CFSYL: I know you said you grew up with single mom who served a lot of convenience food

RP: Yea, and she didn't really like to cook a lot. My dad, when they were together, he cooked, and he was Southern, so he cooked. My grandmother, she cooked differently, simply. One of the things she cooked, one of her signatures, was some fresh sliced tomatoes. She had a knack for picking the best tomatoes, so she would slice them up, put them on the table with a little salt and pepper. She was able to pick great ingredients and make it work. Good food doesn't have to be fancy food.

CFSYL: When you cook, do you find yourself thinking of family and people who have passed? When you're cooking certain things do you think of your grandmother?

RP: There are some things when I eat, I think of her. I don't cook like she did, I cook in a very different style, but when I think about food and when I think about family, they are pretty inextricably linked. I don't feel like you can ever be around your family and not be eating, or being fed, or with some kind of food situation happening. I do think about learning how to cook by partially watching my dad. I had a cousin who I didn't even know was my cousin, and when I was working at the Gathering, this man introduced himself to me and he said something really funny like, "How is your family?" I thought this was really weird, but then I found out he was my oldest cousin. He actually passed away, but when he was at the soup kitchen I got to know him. That was a very food-oriented thing; I wound up getting an apartment and he would come over and we would eat and play cards. Also feeding my kid, he's a vegetarian, and we do a lot with food. He's learning how to cook now.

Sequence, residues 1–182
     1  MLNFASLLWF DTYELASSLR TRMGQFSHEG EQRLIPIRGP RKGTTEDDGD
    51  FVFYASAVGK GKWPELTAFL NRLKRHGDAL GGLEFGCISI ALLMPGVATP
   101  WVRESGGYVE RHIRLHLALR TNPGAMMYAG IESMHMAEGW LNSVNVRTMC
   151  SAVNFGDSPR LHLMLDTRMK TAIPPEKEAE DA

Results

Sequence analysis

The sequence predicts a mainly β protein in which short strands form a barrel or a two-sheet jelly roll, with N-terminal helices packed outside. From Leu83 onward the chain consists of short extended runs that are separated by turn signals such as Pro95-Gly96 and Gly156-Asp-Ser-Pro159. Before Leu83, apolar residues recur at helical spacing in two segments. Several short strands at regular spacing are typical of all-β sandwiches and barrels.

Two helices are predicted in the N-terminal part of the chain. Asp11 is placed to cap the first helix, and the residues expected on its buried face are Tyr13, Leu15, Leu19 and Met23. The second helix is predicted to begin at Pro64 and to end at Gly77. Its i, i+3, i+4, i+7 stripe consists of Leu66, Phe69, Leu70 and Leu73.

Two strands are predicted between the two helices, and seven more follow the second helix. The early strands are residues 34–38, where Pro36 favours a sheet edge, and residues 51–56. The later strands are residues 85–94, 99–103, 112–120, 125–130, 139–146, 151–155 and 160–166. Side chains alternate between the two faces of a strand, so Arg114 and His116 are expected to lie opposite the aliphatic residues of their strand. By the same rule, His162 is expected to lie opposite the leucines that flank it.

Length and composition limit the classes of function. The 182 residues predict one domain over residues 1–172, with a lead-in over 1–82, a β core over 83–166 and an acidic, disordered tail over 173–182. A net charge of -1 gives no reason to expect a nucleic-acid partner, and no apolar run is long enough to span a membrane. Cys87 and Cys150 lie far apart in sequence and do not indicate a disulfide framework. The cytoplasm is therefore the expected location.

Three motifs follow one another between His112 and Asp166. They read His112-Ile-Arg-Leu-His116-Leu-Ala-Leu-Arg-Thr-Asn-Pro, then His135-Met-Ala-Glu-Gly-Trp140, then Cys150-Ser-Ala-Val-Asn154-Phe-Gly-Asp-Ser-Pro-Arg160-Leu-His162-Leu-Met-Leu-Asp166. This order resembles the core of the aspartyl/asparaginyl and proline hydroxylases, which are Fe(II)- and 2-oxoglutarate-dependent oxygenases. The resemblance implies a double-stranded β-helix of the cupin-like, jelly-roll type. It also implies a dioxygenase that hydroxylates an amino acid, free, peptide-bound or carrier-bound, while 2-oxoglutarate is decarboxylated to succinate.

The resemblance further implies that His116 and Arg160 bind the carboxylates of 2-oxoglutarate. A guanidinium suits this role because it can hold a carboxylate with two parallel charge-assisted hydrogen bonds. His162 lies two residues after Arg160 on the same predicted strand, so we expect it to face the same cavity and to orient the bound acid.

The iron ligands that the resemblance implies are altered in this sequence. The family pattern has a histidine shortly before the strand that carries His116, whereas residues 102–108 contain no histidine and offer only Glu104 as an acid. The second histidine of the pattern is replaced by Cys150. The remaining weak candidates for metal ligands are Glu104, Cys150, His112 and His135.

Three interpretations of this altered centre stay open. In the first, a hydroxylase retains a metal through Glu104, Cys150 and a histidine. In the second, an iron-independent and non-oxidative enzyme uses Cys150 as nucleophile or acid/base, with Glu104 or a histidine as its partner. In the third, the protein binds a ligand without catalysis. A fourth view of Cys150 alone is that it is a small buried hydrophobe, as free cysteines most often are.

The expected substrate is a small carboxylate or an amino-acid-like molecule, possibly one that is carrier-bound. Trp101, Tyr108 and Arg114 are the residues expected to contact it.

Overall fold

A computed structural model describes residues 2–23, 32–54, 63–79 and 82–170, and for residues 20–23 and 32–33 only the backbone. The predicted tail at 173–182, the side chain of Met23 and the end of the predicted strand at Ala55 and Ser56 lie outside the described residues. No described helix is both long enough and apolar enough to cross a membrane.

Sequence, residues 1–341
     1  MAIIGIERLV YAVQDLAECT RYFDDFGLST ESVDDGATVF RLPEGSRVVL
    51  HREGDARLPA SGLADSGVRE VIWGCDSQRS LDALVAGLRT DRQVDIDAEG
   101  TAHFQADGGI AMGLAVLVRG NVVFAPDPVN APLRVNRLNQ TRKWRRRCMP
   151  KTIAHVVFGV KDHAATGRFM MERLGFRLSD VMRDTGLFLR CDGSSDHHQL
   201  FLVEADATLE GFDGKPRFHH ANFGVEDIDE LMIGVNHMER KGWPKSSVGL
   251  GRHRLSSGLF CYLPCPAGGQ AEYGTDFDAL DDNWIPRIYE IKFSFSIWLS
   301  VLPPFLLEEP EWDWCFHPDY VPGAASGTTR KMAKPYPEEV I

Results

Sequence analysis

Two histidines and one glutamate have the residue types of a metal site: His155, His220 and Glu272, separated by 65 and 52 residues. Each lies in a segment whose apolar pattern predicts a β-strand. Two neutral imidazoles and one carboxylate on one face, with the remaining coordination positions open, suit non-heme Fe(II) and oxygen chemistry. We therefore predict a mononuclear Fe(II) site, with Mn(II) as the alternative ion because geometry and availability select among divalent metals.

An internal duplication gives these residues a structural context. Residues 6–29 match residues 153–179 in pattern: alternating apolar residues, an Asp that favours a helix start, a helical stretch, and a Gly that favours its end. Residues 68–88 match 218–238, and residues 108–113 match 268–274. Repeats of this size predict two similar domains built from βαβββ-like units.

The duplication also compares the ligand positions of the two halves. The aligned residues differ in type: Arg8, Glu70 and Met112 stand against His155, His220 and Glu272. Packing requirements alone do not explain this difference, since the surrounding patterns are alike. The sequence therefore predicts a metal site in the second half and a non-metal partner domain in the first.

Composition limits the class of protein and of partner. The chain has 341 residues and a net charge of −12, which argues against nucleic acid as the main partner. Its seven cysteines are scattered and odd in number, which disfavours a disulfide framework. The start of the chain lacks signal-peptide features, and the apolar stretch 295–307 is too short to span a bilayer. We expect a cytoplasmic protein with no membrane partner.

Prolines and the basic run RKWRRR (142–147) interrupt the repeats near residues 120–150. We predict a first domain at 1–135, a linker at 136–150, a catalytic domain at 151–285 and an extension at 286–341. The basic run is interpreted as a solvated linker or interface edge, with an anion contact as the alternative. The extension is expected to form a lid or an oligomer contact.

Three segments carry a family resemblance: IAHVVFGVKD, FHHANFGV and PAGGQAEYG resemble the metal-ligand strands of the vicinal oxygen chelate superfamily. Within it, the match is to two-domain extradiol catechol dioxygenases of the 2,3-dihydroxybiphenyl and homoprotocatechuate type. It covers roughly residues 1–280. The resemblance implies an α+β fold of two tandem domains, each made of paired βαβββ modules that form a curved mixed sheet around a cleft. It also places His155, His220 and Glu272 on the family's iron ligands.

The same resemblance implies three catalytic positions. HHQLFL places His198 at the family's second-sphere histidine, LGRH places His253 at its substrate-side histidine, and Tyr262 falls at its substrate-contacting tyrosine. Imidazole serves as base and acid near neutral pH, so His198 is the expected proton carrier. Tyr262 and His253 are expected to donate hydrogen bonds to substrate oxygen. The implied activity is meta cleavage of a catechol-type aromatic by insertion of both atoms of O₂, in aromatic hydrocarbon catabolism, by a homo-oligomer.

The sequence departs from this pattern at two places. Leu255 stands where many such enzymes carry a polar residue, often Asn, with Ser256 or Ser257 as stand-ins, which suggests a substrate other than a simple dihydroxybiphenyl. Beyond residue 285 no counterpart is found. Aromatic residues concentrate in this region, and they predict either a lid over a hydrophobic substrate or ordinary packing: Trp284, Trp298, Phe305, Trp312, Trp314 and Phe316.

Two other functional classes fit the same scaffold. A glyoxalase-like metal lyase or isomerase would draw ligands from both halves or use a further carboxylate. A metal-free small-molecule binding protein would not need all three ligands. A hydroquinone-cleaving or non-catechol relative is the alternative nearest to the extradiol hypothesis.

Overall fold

Rosy makes the butter cream using her homemade jam

CFSYL: If somebody wanted to show you that they loved you, what would they cook you and why?

RP: So there is something, but most people can't cook it the way he did. My dad used to cook these smothered potatoes, it's not anything fancy, but I'm not able to really do it myself. Cubed potatoes in a cast iron skillet with oil, peppers for seasoning, slow cooked, high heat at the end, and it's potatoes, just potatoes, only potatoes. People can't do it; I can't do it. That was the last thing he cooked for me. I can't do it or would have made that.

CFYSL: I was wondering who you were going to pick to cook for, is that one of the reasons why you chose your grandmother's dish instead?

RP: I think that when people want to know about cooking legacies, they don't necessarily want to know about the every day. They want to know about the special occasion foods. People are really more interested in celebration food, because it's a special. A special dinner every once in a while is nice, but there's always something in their memory that recalls a special time that is exciting, that they look forward to. You have to eat every day, but you don't get to eat dessert like this every day. It's a little different.

The finished product and her trusty companion, Mojo


Mayonnaise Cake (The Original)

by Rosy Petri in honor of Diane Gustin


For Cake:

3 cups unsifted flour

1 1/2 cups sugar

1/3 cup cocoa

2 1/4 tsp baking powder

1 1/2 tsp baking soda

1 1/2 cup Hellman's Mayo

1 1/2 cup water

1 1/2 tsp vanilla

For Icing:

1 cup sugar

3-4 tbsp cocoa

1/4 cup milk

1/4 butter


For Cake: Combine wet and dry ingredients. Grease 2 (9 x 1 1/2 inch) layer pans lined with waxed paper. Bake at 350 degrees for 30 minutes. Makes 2 layers.

For Icing: Combine all ingredients; cook and boil for 1 minute. Ice cake.